The Trump administration is also planning to study the full scope of federal employees’ pay, benefits other opportunities for recognition, in effort to prove to Congress that the workforce would benefit from more flexible performance-based awards over across-the-board pay raises.
More than 81 percent of career members of the Senior Executive Service earned an award in 2016, compared to about 71 percent in fiscal 2015.
Veterans Affairs Deputy Secretary Sloan Gibson wrote to Congress this week, asking that it begin work immediately to repeal cuts to the agency’s award and incentive spending. Congress cut VA’s performance bonus budget by about 20 percent next year to cover opioid-addiction treatment programs for veterans.
Agencies have gotten approval from the Office of Management and Budget and the Office of Personnel Management raise spending caps slightly on performance awards and bonuses for all non-Senior Executive Service employees in fiscal 2017. Agencies can now spend up to 1.5 percent of the aggregate salaries for those employees at the end of the fiscal year.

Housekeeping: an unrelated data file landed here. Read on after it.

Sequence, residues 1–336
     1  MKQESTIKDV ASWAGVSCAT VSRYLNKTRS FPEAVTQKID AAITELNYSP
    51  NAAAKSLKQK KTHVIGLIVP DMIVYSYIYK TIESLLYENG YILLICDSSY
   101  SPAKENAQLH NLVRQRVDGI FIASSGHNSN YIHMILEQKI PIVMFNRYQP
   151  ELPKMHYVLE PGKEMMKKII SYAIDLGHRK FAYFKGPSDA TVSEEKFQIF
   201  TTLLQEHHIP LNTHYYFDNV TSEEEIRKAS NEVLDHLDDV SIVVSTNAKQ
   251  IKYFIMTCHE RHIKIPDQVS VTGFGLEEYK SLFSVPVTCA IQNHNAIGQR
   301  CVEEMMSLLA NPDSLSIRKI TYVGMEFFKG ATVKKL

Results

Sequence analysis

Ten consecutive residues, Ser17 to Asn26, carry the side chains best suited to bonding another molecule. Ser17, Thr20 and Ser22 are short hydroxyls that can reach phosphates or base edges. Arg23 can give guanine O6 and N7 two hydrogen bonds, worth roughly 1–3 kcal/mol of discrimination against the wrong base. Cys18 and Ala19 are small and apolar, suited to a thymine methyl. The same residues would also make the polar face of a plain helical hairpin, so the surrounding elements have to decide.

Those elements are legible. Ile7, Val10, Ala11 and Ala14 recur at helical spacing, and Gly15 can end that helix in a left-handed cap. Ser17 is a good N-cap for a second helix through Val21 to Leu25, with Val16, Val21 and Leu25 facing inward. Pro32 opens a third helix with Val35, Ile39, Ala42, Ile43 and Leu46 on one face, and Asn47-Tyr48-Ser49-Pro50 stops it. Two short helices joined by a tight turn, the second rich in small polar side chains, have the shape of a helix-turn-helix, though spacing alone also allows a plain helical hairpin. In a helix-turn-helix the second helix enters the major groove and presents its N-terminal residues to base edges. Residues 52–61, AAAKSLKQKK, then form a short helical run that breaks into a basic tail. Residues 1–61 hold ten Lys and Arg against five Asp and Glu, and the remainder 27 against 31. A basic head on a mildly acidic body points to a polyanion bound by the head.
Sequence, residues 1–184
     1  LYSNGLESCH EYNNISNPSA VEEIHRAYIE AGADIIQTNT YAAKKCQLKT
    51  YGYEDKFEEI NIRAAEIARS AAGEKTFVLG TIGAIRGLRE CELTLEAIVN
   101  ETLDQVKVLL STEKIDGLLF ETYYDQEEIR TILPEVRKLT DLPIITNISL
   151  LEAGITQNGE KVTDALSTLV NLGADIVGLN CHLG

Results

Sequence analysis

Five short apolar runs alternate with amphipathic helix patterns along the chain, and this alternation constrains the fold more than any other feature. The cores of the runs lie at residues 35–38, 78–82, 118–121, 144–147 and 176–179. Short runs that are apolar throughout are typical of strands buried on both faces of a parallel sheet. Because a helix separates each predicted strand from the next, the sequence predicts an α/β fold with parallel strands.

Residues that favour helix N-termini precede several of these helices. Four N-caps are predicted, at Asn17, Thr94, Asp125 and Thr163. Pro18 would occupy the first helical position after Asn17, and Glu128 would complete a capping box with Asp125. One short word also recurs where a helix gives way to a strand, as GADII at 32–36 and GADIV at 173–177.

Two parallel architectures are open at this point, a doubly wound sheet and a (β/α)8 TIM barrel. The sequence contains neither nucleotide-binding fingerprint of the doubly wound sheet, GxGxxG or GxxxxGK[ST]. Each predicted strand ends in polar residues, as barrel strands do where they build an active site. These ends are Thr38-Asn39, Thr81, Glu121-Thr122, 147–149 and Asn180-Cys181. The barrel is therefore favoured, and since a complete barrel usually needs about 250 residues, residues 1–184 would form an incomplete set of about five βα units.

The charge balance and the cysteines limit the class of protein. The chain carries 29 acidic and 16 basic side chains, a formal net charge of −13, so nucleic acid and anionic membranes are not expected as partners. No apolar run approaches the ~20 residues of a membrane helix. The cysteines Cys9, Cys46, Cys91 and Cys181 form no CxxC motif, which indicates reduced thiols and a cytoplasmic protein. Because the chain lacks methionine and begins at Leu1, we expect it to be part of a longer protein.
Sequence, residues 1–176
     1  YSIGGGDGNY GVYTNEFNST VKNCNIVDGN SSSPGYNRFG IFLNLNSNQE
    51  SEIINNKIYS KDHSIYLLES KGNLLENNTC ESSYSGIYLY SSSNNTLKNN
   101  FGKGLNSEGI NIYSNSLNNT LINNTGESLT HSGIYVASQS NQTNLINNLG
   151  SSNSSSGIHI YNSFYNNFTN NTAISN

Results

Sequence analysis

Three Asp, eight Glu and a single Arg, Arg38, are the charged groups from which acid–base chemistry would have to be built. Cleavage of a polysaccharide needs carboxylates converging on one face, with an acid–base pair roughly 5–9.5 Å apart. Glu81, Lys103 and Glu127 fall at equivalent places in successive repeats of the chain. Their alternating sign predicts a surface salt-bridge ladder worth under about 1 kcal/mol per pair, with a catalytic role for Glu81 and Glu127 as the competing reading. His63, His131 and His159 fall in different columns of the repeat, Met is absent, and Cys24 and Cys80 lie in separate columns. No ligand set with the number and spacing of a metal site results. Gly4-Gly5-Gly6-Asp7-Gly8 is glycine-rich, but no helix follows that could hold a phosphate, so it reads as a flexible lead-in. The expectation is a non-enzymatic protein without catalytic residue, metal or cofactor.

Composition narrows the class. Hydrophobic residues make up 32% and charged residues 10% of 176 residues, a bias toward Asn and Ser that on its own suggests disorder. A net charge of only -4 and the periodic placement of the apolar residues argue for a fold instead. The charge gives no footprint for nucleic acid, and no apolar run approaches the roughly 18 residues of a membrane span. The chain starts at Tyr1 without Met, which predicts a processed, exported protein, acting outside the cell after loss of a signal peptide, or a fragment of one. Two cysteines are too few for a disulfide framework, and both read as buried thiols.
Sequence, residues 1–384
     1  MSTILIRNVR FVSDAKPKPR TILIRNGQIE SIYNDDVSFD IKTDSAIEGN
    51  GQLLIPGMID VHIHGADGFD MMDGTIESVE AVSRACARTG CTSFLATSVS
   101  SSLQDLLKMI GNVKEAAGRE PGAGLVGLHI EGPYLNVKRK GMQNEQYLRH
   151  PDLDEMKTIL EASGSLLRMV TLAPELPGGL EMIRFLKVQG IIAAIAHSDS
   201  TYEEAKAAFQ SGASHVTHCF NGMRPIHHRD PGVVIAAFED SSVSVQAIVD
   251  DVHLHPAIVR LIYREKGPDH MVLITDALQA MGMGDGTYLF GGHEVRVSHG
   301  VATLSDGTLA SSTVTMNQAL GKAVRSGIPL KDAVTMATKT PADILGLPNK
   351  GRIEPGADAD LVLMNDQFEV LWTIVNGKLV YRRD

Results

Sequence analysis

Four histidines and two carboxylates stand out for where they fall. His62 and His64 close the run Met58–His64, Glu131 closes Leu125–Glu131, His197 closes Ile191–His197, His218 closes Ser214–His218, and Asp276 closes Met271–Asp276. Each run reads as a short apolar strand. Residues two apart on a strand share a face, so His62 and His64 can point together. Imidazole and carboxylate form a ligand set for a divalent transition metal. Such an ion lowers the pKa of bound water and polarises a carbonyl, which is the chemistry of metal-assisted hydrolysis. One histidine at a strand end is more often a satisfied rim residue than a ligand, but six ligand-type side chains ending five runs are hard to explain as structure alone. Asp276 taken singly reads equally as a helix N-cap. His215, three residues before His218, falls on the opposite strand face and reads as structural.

About 71 percent of senior executives received a performance bonus from their agencies in fiscal 2015, a slight bump over the roughly 68 percent who picked up an award in 2014. A new report from the Office of Personnel Management shows the average award totaled $10,746, nearly $200 more than 2014’s average.
As deadlines come and go, OPM answered some frequently asked questions about an executive order, signed in 2015, that mandated reforms to the Senior Executive Service.
Sen. Claire McCaskill (D-Mo.) wants information from Office of Personnel Management acting Director Beth Cobert about SES members getting multiple performance bonuses in the same fiscal year.
Leaders within the federal manager community offered a mixed bag of reactions to President Obama’s new executive order on Service Executive Service reform. Higher performance bonuses largely went over well, but others had more questions over the timeline and implementation of the initiatives.
The White House introduced new steps to attract, develop and retain current and future members of the Senior Executive Service. President Obama signed an executive order Dec. 15, which gives agencies four major tasks for implementing SES reform.
Salaries barely changed from fiscal 2013. But 12.2 percent more SES members received performance awards.